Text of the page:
Other components of the system may also be implemented using MEMS technology. The use of MEMS devices in the system that incorporates dynamic tuning and/or tissue type/state measurements may be particularly advantageous due to the requirements for a small enclosure and the need to include a range of microwave components inside the hand-piece.

When dynamic impedance matching and/or tissue type and/or state recognition features are integrated into the hand held unit, a microprocessor, and/or a microcontroller, and/or a PIC device, and/or a digital signal processor (DSP) is/are desirably included in the system. Preferably this device (or these devices) are contained in the control unit to perform the necessary signal processing functions required to measure phase and/or magnitude information to make the necessary adjustments to the tuning filter to ensure that the microwave energy is being delivered efficiently into the biological tissue and/or to identify tissue type and/or state of the tissue from the signals measured impinging on the distal tip of the antenna. Where the tissue type and/or tissue state facility is required it is preferable to use a heterodyne receiver to enable phase and magnitude information to be made available; the signals from the output of the heterodyne receiver will be fed into the microprocessor (or other digital processing device). Information needed to determine tissue type and/or tissue state recognition may be provided by use of directional couplers or a microwave circulator. Where a microwave circulator is used, it is preferable for the forward and reflected power signals to be isolated from one another by at least 30 dB.

The microprocessor unit (and/or PIC and/or DSP) may also perform a power device start-up procedure (or sequencing) and sensing functions (i.e. as an alternative to analogue control circuits). Likewise, a small microprocessor or a PIC device may control the system even if dynamic tissue matching or tissue type and/or state measurements is not performed. For example, analogue comparators, operational amplifiers, counters and glue logic may be replaced by a single microprocessor or a PIC device.

Preferably, the user interface includes a display showing the level of forward power being delivered from the microwave source and/or the net power that is being delivered into the biological tissue being treated. Net power may be defined as the difference between the forward power from the output of the microwave source (power amplifier) and the reflected power coming back to the output port of the source (the output of the power amplifier). The means of indicating these power levels may be a bar graph composed of a plurality of light emitting diodes (LEDs) or a small LCD screen display.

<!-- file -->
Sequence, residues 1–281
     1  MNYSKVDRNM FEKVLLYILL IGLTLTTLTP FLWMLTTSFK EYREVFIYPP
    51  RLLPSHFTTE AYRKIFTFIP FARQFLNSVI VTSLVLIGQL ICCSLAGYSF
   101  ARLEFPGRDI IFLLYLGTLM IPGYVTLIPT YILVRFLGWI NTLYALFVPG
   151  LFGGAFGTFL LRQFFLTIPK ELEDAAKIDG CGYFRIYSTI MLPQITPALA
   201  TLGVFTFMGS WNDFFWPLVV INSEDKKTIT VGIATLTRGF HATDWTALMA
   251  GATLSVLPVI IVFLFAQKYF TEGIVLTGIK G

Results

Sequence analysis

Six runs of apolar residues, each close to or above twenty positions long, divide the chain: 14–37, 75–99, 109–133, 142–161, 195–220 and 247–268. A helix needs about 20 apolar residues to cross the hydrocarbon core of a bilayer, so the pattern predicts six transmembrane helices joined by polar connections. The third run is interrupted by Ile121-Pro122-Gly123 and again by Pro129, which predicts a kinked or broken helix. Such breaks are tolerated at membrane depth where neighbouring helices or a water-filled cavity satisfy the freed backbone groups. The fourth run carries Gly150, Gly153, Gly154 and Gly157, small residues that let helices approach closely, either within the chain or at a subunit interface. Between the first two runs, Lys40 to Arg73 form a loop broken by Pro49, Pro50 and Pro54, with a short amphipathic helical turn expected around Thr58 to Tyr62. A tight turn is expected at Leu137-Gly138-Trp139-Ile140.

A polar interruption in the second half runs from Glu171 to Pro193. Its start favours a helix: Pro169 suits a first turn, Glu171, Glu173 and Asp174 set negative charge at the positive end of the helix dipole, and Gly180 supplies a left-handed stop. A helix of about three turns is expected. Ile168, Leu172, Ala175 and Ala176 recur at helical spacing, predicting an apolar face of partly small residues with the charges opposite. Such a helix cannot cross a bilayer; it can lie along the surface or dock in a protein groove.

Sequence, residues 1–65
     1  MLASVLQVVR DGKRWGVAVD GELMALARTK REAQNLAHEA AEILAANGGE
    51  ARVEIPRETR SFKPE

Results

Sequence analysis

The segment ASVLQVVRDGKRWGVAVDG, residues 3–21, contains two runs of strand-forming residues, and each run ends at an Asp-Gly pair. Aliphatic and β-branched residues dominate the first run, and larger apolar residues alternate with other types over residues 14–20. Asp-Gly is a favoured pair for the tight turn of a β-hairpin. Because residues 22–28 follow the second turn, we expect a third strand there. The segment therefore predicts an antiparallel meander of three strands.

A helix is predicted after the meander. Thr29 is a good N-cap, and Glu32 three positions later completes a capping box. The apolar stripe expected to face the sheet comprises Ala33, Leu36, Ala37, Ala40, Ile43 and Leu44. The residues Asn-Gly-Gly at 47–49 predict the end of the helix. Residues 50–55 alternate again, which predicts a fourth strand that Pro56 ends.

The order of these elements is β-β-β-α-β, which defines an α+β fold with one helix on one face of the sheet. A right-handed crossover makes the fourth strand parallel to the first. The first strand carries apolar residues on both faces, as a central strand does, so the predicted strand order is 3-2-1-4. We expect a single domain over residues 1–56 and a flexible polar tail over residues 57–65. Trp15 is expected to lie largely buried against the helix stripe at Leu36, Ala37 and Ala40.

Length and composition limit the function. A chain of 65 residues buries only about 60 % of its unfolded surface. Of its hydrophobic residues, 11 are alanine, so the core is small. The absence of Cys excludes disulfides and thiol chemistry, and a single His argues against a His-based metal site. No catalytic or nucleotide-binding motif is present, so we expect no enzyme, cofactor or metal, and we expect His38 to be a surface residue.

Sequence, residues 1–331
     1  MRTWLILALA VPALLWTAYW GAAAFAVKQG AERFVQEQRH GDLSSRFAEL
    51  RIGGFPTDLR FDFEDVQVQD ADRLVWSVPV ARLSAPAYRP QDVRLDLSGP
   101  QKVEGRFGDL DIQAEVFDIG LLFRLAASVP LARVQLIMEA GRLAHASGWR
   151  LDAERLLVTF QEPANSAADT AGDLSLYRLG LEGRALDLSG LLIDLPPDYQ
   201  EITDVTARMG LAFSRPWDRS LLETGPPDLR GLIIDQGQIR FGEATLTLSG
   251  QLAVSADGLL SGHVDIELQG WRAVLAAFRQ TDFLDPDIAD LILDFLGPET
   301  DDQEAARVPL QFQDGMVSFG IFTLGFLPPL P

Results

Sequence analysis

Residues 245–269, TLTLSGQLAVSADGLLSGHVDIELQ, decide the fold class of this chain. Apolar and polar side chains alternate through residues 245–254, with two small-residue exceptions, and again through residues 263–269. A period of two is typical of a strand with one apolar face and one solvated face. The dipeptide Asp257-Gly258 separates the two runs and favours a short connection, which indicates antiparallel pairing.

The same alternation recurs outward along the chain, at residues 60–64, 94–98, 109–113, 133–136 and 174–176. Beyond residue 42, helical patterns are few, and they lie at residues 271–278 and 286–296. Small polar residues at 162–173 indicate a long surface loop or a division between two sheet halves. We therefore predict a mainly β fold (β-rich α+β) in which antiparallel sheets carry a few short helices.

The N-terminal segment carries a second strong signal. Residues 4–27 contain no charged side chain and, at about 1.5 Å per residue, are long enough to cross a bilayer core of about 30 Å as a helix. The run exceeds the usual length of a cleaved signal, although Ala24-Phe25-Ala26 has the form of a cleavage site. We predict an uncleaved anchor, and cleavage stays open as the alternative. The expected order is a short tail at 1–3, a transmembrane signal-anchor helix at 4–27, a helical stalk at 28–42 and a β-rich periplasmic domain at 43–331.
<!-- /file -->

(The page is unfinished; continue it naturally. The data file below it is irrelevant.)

A visible light source may be attached to the hand held unit to act as a means of illuminating the treatment area. The light source may further include a lens arrangement to focus a beam of light to a point at the distal end of the antenna structure where the microwave energy impinges onto the tissue. Desirably, the light source is arranged to produce a beam of light that is similar in 'shape' to the microwave field produced by the radiating antenna.

A third aspect of the current invention may be related to a cooling arrangement and a means of ensuring that the hand held unit remains cool. As explained in more detail below, the current invention may be used to treat thread veins, to provide pain relief, to tighten muscle tissue, to seal off blood flow of wounded soldiers or car accident victims, to treat nasal polyps, and to treat ear, nose and throat (ENT) infections.

Thread veins are extremely common and sometimes embarrassing, mostly affecting the face and legs. The exact cause of thread veins are unknown although it is thought that they may be caused by changes in temperature, smoking, hormonal changes, alcohol and prolonged standing as well as being a possible inherited condition.

Thread veins may be treated with the portable treatment system introduced here using very fine needle antennas.

A possible application of the current invention is also the removal of nasal polyps. Nasal polyps block the nose and large polyps can prevent nasal breathing, forcing the individual to breathe through their mouth. They also cause reduced sense of smell. Occasionally, they swell so much that they emerge from the nostril.

Polyps are caused by the soft tissue lining of the sinuses becoming swollen, and filling the available space, which can expand into the nose forming a growth known as a polyp. As there are a number of small sinuses between the eye and the nose, when polyps do occur, there will usually be several of them. The most effective treatment for nasal blockage due to polyps is surgical removal. The current invention maybe used with a radiating loop antenna to treat this condition.